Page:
‘The View’ Hosts Clash Over Black History Education: ‘You’re Misinterpreting My Point Intentionally’

The women butted heads when it came to reparations and critical race theory

The View

Tensions ran high once again on “The View” Wednesday, as guest host Lindsey Granger went head to head with Joy Behar and Sunny Hostin over how Black history is handled in education.

Initially, the panel of women were discussing Jamaica’s demands for slavery reparations from the U.K., with the women unanimously agreeing that reparations are unlikely, really, from any country. Behar argued that if the U.S. can’t even agree on critical race theory (CRT), reparations would be an even harder concept.

At that, Granger argued that critical race theory is a different discussion entirely. Following that commentary, she noted that she thinks there hasn’t been enough focus on “Black excellence,” and added that there’s been too much focus on the hardships of Black people.

“I want to see Black people thrive. We are not victims, OK? Even though we have been victimized, we are not victims,” Granger said. “We are here to grow, and there’s beauty in us, and we are winning out here. So I want to see that more often. And I don’t want to constantly tell my 6-month-old daughter that she’s a victim.”

As the discussion continued past the commercial break, Behar clarified what she was trying to get at.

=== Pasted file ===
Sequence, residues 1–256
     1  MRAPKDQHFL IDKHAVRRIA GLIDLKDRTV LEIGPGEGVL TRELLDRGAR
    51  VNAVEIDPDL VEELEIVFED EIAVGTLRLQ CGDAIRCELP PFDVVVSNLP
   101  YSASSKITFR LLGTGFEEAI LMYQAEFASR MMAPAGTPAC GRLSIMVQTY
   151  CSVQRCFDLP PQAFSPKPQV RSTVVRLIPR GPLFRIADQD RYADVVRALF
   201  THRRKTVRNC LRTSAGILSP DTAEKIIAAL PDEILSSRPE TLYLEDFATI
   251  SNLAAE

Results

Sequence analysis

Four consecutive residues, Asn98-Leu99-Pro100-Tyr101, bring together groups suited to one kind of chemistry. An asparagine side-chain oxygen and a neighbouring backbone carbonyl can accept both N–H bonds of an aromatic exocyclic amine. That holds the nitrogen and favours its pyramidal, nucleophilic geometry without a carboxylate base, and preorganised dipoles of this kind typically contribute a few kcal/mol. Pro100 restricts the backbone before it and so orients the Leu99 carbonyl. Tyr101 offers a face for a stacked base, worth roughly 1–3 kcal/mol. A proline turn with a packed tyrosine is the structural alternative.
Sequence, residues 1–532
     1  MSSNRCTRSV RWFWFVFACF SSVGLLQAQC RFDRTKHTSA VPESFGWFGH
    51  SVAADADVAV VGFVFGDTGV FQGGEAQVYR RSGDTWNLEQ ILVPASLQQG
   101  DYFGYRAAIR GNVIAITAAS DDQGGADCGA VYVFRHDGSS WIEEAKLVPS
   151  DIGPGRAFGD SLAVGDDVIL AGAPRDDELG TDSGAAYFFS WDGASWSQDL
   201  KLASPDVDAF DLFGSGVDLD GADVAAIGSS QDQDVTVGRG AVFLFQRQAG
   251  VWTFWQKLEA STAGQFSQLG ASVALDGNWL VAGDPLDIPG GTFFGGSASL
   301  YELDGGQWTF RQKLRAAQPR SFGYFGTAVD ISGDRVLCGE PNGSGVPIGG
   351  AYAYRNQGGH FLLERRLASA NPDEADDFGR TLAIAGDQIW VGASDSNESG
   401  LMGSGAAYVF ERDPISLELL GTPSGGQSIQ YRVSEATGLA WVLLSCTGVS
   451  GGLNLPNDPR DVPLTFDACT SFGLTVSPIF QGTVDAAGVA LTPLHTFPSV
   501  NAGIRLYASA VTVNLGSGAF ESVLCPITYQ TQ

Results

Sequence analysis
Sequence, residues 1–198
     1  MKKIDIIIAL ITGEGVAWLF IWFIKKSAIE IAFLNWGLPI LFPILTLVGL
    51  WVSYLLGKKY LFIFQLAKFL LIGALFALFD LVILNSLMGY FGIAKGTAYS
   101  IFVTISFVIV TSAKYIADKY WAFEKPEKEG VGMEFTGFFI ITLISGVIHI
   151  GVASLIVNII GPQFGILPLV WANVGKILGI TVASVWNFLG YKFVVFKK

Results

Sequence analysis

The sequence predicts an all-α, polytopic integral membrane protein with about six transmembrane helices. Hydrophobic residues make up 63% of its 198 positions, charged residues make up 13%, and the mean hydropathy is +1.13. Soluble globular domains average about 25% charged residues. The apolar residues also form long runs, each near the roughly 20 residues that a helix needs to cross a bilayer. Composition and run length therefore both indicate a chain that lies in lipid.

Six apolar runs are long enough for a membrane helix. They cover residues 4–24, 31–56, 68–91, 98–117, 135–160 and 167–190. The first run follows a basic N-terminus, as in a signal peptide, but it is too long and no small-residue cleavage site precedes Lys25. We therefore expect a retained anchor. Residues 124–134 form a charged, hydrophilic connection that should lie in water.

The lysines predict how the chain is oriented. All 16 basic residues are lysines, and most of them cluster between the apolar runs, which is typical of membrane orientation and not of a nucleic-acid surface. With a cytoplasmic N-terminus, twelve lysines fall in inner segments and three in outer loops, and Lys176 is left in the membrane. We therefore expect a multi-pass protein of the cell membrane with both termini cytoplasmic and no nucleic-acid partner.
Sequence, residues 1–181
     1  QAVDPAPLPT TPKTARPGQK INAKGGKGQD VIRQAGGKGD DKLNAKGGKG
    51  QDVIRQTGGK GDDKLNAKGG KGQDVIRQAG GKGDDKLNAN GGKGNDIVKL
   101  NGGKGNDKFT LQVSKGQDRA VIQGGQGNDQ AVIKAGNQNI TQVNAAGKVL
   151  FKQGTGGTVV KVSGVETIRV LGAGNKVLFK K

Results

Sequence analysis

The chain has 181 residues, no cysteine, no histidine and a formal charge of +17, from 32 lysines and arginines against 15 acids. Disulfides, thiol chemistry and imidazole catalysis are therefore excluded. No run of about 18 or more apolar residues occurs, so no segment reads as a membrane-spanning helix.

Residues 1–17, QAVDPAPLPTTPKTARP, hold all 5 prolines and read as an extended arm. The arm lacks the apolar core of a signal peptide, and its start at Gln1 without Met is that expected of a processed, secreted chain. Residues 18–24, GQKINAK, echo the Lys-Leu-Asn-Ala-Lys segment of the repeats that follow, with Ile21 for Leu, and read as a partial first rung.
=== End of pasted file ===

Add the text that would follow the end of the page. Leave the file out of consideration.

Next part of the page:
“Critical race theory, to me, is history. And, this country — a lot of people in this country don’t want to look at the history of this country,” she said. “So reparations are similar in that you have to admit that something went on in history for you to repair it.”

Granger then responded, “We have admitted that,” pointing to the fact that kids are taught about slavery. She then circled back to her original point, using a specific example.

“I think we should learn about the fact that Africans started the vaccination process,” Granger said, without adding more. “Why have I never heard that until I was a grown adult?”

At that, Joy got a bit cheeky, saying “First you say we’re learning it, and now you say no, we’re not learning it.” In response, Granger accused Behar of “misinterpreting” her “point intentionally.”

“You know what I said. I said that we’re learning about the victimization of Black people consistently. That’s a fact. And so I think looking at how law applies to black people, and victimizes them through race, right, and how race applies to law is important to do, but also celebrating Blackness. We don’t do it enough in school. That’s not my experience.”

Granger then turned to Hostin for backup, who agreed that her experience was not like that, but also called Granger to task for her phrasing of things.

“What you have to understand, Lindsey, is that the Republican agenda is to not only stop teaching about slavery, but also to not teach about Black excellence,” Hostin said. “That is what is happening. Books are being banned, learning systems are being restricted all over this country, and so when you say things like Black people being victimized, you’re parroting their talking points. You’ve got to be really careful with that.”

Granger took offense to that as well, prompting her to argue with Hostin over which books specifically were being banned.